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The reluctant accountant
Amnesty International’s Nicki Deeson was the star turn at the recent ICAEW prize-giving ceremony. She explains how auditing nearly put her off accountancy for life!
Can you pinpoint the moment when you first thought about being an accountant? The International Financial Director at Amnesty International, Nicki Deeson, certainly can! She told the packed ICAEW prize-giving ceremony that it was a neighbour who made the suggestion when they found out she was good at maths. They told her mum: “She should be an accountant, then she can keep you in your old age.” She claims that, being a dutiful daughter, the suggestion lodged itself in her mind.
She went to Nottingham University, where she won her only accounting prize – coming top in the first-year book-keeping exam. This opened doors, and she was offered a summer job at KPMG.
Deeson (pictured right) admits she never worried about the accountancy exams. Her problem was she just didn’t find auditing exciting enough. Her first task at KPMG was to use a calculator to add up a massive computer print out. After 90 minutes she had three different answers. Luckily someone else in the audit team had better calculator skills.
Following the summer job she had real doubts about an accounting career, but despite considering other options she kept coming back to it. So on graduation she took a job at PwC and came down to the bright lights of London.
To her relief, although she still had to use her calculator, organisational skills, relationship-building and problem-solving were even more essential. She actually started to enjoy accountancy!
But audit was still there and she admits she never wanted to work on the same audit twice. That meant as soon as she qualified in 1992 she got a role in Bangladesh as a volunteer accountant for an Irish charity. This was the start of a hugely successful career in the charity sector that has spanned 25 years.
Her biggest project while working in Bangladesh was to develop and implement a new accounting system, and she was then asked to spend six months rolling it out in Ethiopia, Mozambique and Burundi. Deeson admits flying into Burundi in 1994 was scary as the country was in the middle of a civil war. Although she was not directly saving lives she felt her role was essential. Her finance system meant money spent on the emergency services wasn’t wasted and could be tracked to where it was needed. But how could she possibly expect people to prioritise forms and spreadsheets when they had lived through such terror? Yet, despite it all, she found everyone warm, friendly and positive.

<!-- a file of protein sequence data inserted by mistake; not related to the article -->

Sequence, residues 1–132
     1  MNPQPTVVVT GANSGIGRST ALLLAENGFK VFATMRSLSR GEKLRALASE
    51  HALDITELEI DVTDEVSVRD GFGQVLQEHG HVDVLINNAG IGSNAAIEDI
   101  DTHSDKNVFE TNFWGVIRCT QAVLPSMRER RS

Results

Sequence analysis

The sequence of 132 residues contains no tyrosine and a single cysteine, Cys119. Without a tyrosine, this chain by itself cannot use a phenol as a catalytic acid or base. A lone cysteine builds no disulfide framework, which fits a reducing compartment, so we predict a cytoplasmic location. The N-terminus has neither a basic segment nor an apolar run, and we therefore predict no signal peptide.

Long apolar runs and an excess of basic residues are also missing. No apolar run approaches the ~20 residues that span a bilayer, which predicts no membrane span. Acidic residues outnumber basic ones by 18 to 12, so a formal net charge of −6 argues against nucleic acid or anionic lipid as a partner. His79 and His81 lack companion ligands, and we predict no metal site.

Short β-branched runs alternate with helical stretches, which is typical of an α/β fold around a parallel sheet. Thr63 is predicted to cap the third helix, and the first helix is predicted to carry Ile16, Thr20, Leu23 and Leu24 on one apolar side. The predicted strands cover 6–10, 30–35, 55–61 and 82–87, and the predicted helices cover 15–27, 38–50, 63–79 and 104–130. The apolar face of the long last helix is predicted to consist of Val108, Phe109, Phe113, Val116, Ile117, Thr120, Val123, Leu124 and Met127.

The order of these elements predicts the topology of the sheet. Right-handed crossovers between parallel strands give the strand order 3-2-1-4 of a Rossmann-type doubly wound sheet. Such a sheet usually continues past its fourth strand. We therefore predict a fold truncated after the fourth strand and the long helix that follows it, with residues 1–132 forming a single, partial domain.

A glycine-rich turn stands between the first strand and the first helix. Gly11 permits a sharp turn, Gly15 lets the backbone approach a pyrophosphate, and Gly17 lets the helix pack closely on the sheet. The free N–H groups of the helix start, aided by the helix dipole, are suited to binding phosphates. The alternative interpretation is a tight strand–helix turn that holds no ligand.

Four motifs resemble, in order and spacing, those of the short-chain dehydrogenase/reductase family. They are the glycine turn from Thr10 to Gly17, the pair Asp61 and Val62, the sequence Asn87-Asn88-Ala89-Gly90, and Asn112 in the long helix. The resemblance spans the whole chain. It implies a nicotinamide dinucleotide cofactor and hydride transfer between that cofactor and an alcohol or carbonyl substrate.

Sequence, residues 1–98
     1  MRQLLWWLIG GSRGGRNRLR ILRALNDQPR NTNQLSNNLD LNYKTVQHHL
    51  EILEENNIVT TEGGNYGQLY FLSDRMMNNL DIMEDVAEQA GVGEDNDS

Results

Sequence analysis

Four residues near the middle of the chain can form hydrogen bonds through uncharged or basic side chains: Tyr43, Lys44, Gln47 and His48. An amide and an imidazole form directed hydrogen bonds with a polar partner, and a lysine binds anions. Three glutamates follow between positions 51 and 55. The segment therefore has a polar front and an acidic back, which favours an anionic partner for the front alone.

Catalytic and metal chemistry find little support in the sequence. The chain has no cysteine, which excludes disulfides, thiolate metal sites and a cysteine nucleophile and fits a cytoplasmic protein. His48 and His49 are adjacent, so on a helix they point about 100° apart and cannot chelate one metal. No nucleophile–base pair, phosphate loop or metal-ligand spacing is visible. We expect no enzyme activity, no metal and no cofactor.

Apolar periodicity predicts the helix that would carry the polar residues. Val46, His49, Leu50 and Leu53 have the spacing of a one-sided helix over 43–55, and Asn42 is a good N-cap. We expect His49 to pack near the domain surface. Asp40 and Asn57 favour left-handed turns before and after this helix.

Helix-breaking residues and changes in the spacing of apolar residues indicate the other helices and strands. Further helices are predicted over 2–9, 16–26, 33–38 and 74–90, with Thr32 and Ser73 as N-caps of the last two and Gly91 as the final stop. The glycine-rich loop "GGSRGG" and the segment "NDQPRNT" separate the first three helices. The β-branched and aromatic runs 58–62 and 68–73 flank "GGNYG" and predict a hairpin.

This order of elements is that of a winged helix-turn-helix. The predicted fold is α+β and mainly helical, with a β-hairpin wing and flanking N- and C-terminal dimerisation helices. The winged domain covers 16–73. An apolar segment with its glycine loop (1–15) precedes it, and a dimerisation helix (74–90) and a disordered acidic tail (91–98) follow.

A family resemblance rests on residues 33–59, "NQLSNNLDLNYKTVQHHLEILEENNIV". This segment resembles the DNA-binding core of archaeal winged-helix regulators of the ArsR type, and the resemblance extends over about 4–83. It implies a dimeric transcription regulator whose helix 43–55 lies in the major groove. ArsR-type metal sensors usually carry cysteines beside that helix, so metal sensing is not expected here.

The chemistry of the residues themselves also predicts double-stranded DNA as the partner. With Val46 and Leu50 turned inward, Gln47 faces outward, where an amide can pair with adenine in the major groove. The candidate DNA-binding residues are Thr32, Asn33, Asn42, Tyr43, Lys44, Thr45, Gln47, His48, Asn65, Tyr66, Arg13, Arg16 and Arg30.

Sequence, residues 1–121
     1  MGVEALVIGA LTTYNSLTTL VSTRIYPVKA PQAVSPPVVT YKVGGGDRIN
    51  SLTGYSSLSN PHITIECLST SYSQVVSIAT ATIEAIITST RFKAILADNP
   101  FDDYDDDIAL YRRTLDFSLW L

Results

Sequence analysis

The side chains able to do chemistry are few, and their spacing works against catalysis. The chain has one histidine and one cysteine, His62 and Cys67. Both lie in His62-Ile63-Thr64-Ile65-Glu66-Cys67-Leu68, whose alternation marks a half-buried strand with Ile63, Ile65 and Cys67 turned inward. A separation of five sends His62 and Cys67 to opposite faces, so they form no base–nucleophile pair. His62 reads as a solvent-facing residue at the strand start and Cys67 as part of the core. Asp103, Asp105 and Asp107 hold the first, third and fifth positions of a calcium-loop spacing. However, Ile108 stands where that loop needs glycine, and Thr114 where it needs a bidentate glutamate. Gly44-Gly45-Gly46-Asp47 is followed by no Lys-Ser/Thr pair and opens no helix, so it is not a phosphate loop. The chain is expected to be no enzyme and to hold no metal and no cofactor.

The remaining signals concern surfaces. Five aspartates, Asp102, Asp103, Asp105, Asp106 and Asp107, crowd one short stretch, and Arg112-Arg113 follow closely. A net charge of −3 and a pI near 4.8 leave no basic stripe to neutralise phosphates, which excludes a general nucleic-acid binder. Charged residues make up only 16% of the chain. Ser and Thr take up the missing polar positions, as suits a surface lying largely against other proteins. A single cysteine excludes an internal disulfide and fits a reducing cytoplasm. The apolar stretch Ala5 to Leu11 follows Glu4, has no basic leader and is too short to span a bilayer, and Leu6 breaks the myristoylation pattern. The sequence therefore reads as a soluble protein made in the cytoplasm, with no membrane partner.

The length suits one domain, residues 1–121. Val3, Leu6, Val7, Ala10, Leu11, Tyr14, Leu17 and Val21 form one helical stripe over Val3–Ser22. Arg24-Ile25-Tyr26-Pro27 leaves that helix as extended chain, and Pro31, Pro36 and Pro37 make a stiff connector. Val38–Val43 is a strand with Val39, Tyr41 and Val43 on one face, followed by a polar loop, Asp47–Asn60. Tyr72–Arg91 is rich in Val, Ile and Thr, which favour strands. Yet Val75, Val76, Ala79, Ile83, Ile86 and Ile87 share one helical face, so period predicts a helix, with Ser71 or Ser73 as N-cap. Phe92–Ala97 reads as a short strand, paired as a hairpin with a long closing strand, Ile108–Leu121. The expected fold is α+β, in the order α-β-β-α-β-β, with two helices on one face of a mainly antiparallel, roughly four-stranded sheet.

Returning to the UK was a strange experience. Her old colleagues thought she had been on holiday for two years and Deeson admitted it was all a bit of a culture shock.
Her next role was as a project manager, a largely non-accounting role, with a large international charity called Plan. The aim of her project was to measure and maximise its impact on communities where Plan worked. Unfortunately, it ended with her firing the project team, writing some simple questionnaires herself and fiddling with the new IT system so she could start producing reports. The second challenge came when Plan saw the initial reports from West Africa. Although the charity had run programmes there for 20 years data showed that literacy and health indicators had actually got worse in the villages where it had been working. This wasn’t what the organisation wanted to see and senior management started talking about exiting Burkina Faso due to its negative impact on the country.
However, Deeson decided to delve deeper, and she found that successful graduates of its vaccination and schools programmes had left the community for jobs in the city, reducing the indicators but increasing the wealth of the village through the money they sent home. So beware the dangers of the statistic.
Deeson is now at Amnesty and content to be back in an accounting role. She stressed it is vital young accountants hold on to their dreams. She said: “Follow what you love, and you can change the world… one spreadsheet at a time.”
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